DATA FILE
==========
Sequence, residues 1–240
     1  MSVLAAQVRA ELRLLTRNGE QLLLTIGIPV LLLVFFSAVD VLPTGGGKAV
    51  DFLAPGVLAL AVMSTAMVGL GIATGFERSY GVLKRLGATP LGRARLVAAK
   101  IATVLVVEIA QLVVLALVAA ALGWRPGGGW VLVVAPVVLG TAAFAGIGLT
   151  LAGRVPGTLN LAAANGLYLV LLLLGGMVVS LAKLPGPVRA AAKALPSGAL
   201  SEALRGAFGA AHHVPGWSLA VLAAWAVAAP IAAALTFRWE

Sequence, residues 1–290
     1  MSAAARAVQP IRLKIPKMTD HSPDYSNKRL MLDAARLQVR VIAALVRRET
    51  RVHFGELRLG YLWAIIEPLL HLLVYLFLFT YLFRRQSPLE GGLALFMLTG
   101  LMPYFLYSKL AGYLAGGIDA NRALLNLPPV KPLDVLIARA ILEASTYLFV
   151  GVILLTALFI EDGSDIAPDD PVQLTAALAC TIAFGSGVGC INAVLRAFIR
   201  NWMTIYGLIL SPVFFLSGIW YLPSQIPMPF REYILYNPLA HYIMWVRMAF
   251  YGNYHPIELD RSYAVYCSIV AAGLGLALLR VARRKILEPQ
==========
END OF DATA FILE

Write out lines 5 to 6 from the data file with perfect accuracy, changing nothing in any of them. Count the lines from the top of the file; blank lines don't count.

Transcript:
   151  LAGRVPGTLN LAAANGLYLV LLLLGGMVVS LAKLPGPVRA AAKALPSGAL
   201  SEALRGAFGA AHHVPGWSLA VLAAWAVAAP IAAALTFRWE